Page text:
• 4 Dean T 06/10/13 at 10:37 am

    I am a 70+-year-old male that was never diagnosed with dyslexia or any other type of learning disability. In the late 40’s through the rest of my schooling I would suffer through humiliation and embracement of not being able to keep up with my school friends. It took me many years of “self teaching” to combat my dyslexia. Understanding my problem I did graduate college and was a successful businessman. It is sad that it has taken so many years to acknowledge the existence of dyslexia. Thankfully there have been studies and procedures for treatment and education.

  • 5 Morning 04/04/12 at 10:06 pm

    At the end of the day, we parents have to find what works best for our kids, and an IEE isnthe best way to figure it out. Not all children are dyslesic and most schools do not have resources or staffing to truly individualize instruction. Parents must understand the law, get outside help if necessary and insure that the chid is getting remediation early enough so he or she is ahead of the game and not levels behind his or her peers.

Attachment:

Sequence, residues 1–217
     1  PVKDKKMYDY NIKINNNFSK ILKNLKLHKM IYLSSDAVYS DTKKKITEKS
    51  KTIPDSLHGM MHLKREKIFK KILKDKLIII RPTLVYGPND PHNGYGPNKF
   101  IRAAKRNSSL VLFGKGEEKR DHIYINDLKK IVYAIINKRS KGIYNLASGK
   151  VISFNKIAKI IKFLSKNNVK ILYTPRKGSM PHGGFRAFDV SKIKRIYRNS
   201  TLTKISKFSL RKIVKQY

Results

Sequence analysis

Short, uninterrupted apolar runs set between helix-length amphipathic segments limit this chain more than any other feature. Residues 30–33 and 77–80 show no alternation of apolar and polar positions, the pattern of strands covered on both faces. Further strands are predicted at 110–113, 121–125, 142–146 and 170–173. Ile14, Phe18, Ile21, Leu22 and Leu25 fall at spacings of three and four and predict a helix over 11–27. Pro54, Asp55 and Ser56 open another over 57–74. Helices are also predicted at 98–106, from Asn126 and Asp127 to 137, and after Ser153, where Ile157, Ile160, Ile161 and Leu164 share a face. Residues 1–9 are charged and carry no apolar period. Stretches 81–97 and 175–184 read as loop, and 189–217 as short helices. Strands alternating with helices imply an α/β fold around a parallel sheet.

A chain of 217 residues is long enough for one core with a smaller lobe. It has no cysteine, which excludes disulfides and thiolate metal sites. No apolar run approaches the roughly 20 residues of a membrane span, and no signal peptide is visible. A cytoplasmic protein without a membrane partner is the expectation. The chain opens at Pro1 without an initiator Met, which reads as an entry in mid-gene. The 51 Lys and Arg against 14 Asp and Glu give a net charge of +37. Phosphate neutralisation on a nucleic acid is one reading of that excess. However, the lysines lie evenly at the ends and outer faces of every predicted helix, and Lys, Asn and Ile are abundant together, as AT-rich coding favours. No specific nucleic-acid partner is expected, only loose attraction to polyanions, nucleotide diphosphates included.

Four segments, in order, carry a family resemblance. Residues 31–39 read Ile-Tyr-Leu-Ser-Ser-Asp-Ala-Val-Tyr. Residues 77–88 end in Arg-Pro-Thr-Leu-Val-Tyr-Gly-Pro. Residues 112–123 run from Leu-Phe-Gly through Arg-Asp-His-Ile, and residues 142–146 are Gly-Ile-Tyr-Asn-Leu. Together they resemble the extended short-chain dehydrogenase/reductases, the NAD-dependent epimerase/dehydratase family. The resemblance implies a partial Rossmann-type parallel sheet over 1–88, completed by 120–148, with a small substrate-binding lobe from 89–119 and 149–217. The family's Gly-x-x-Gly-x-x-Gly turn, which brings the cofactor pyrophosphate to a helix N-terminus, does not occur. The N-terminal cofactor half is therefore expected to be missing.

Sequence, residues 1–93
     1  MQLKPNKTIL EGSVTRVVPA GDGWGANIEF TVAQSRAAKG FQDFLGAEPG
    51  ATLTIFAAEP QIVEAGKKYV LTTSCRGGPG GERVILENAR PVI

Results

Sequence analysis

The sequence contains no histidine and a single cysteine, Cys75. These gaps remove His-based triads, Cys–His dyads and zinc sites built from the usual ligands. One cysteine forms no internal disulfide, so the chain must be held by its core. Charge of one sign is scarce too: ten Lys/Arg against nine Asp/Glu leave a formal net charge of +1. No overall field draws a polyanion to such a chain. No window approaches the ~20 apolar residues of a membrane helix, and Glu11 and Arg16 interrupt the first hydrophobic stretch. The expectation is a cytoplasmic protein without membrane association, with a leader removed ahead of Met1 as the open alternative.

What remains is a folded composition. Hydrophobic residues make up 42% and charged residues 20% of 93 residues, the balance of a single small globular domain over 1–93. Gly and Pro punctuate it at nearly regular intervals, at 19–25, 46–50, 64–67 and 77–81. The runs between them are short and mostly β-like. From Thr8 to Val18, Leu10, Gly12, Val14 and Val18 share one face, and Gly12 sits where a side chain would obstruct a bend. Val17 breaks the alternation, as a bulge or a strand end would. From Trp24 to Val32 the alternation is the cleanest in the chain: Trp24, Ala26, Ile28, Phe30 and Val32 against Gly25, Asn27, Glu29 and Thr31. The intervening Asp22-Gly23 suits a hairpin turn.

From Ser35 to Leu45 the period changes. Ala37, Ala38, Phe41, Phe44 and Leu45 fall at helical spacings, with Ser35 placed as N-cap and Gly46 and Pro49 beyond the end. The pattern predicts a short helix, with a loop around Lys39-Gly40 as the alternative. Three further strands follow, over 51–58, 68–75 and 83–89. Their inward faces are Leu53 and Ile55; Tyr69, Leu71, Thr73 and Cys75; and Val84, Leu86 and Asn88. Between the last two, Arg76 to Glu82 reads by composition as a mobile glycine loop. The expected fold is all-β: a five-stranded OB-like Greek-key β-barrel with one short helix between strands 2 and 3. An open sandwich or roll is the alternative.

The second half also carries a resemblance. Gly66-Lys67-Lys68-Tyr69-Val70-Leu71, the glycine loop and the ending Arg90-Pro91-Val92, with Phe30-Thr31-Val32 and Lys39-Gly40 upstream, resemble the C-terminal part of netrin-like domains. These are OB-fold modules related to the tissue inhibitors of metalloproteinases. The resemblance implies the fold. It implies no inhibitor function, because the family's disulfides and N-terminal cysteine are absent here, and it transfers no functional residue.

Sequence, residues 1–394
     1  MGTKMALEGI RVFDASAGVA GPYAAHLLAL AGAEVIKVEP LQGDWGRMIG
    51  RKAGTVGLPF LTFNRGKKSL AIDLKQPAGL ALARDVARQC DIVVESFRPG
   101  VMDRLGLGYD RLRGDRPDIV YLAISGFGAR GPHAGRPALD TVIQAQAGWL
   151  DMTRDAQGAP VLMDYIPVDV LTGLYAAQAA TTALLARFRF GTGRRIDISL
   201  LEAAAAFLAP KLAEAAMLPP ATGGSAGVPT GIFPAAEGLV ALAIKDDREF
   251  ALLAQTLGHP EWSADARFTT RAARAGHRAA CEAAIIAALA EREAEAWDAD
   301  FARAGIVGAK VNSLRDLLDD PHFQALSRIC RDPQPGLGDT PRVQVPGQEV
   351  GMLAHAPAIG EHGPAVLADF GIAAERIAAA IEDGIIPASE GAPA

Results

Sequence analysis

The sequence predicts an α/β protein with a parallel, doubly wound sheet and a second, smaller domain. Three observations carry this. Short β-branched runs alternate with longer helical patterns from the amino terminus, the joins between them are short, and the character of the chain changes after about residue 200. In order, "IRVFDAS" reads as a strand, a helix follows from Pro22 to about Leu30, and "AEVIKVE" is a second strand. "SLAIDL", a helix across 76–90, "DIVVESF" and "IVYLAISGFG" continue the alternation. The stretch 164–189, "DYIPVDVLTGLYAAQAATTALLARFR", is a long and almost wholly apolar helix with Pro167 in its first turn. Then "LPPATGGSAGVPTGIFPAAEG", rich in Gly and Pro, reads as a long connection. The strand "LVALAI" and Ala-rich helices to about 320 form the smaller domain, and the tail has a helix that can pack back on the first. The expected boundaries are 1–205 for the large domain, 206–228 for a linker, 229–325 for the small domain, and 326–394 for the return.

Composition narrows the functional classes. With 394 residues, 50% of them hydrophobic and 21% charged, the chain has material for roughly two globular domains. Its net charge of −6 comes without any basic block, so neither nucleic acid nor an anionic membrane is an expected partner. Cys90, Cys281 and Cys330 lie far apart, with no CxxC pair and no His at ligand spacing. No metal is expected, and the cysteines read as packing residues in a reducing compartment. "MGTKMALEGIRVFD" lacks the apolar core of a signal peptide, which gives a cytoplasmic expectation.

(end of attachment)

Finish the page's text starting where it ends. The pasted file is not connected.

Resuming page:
• 6 Sharon L. 09/27/10 at 11:56 am

    Denise My son is dyslexic and he has learning disabilities. He was on an IEP and when we proved that the school was not teaching him to read and not providing FAPE they paid for an outside tutor from 9th grade to one year after he was supposed to graduate (he did a social graduation so he could still be considered a student). He saw the tutor 5 days a week for an hour a time. The program was alphabetic phonics the only thing that worked for him. He started as a non-reader and is now reading at 10th grade level. The school is obligated to pay for a free and appropriate public education and reading is appropriate. All the other students get it for free why not our children. thanks.

  • 7 Denise 09/25/10 at 1:04 pm

    I actually think it is important that a child who is dyslexic is diagnosed correctly. Dylexia is a learning disability, but not all learning disabilities are dyslexia. A dyslexic child will not learn to read in tehs ame way as non-dyslexic children, as established in thsi article. However, schools that do not differentiate their methods will offer “more of the same” instruction that never worked in the first place. Sadly, mos tparents find that they will ahe to offer teh appropriate tutoring on their own, which can greatly depend on their own financial means.

  • 8 Craig 09/21/10 at 8:09 am